Content marketing is always focused on leaving an impression, no matter the audience — prospective customers, industry analysts, the press. After all, the first step to getting people talking about you is to get them to remember you. The mandate to be memorable is a key driver of creativity in our industry, from Coca-Cola’s classic Hilltop ad to modern campaigns like Marriott’s branded films and the omnichannel Live in Levi’s campaign.

Our efforts to stretch the boundaries of creativity can go farther, however, if we actually understand the mechanics of memory building. Percolate and content marketing creation company Ceros teamed up to explain exactly that in our new interactive report, How To Create Memorable Content. It goes deep into the elements of marketing that will leave an impression, as well as how human memory works.


While the exact “how” of memory creation is still being argued, most of the discussion revolves around the Atkinson–Shiffrin model, proposed in 1968 by psychology professors Richard Atkinson and Richard Shiffrin and modified by several others since then. There are four general process steps:

Step 1: Perception

This is you experiencing the world in the moment; any stimuli you sense enters your memory for at least a brief moment. That memory either ends right there, floating away from your consciousness forever — or, you start paying attention (a somewhat rare commodity these days) and move on to the next step.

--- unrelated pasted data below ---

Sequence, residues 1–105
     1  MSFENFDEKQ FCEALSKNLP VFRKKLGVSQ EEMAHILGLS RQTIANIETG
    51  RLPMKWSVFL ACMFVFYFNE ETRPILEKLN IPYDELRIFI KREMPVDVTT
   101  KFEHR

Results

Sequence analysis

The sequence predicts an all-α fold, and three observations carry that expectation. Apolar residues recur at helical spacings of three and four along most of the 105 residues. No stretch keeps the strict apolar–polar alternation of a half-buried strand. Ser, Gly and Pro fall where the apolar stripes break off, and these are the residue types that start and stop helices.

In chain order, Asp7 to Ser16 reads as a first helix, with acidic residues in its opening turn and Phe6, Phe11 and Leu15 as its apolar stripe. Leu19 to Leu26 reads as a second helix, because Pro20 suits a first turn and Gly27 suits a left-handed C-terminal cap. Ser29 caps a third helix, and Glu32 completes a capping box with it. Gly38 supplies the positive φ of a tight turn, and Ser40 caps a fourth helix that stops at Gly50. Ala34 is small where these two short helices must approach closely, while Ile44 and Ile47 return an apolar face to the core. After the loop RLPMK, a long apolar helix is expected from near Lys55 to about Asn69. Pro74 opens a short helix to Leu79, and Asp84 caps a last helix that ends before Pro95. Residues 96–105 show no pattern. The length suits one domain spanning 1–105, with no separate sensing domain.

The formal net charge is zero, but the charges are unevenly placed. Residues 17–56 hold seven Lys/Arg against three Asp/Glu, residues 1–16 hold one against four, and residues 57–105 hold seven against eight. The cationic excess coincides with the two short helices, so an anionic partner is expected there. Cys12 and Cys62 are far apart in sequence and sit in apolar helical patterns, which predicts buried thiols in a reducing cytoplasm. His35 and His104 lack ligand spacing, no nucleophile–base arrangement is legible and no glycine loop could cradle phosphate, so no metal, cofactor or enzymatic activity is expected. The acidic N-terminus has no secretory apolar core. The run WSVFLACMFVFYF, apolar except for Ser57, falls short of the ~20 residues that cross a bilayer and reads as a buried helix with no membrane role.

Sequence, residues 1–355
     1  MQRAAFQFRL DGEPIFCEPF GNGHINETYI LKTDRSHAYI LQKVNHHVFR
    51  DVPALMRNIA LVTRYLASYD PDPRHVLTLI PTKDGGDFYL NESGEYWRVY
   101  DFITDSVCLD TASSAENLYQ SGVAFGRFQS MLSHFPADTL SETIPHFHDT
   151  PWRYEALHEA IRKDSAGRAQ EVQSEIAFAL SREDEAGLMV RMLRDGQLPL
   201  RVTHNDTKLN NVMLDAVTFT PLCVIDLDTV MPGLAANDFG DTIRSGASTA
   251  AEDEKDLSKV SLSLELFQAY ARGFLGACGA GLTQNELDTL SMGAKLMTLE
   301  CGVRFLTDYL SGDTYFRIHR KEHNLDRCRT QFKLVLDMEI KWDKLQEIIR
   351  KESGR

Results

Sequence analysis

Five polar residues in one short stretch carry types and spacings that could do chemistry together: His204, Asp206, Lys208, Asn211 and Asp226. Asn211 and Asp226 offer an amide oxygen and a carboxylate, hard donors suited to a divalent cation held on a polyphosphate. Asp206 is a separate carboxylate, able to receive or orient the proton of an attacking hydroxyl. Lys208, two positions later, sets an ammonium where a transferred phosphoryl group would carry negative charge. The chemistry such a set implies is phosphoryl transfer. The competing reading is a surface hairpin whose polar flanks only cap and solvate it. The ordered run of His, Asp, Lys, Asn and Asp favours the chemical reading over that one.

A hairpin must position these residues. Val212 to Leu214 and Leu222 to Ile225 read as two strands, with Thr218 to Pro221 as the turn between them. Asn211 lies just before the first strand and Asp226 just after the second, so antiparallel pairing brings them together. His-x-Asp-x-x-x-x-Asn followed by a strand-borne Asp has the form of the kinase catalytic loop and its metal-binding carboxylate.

Step 2: Working Memory

You’re able to keep a few things in mind for a few seconds or moments. When you remember someone’s name only long enough to shake their hand, working memory is the process your mind is using. Psychologist George Miller found that this lets us memorize a string of up to around seven random digits at any one time, which is perfect for memorizing a number just long enough to save it in your smartphone.

Step 3: Consolidation

If something’s important or interesting enough, you can consciously or unconsciously store things for later recall in your long-term memory. There are lots of things that impact your ability to do this, like how long you keep something in your working memory; how frequently an experience happens (we all remember our usual commute routes); and how similar it is to other memories.

Step 4: Retrieval

This is the process of actually remembering something. You can do this either actively — such as when you try to conjure up where you left your missing phone — or at the prompt of retrieval cues. If I ask you the name of the first U.S. president, “George Washington” might spring to mind; or, for a more brand-based example, when you see the words “Just do it,” you might retrieve the brand Nike.

Percolate and Ceros’ How To Create Memorable Content walks through these steps and gives you a guide for actually tailoring content marketing to the science of human memory. Explore the report to start learning how to stay top of mind among your audience.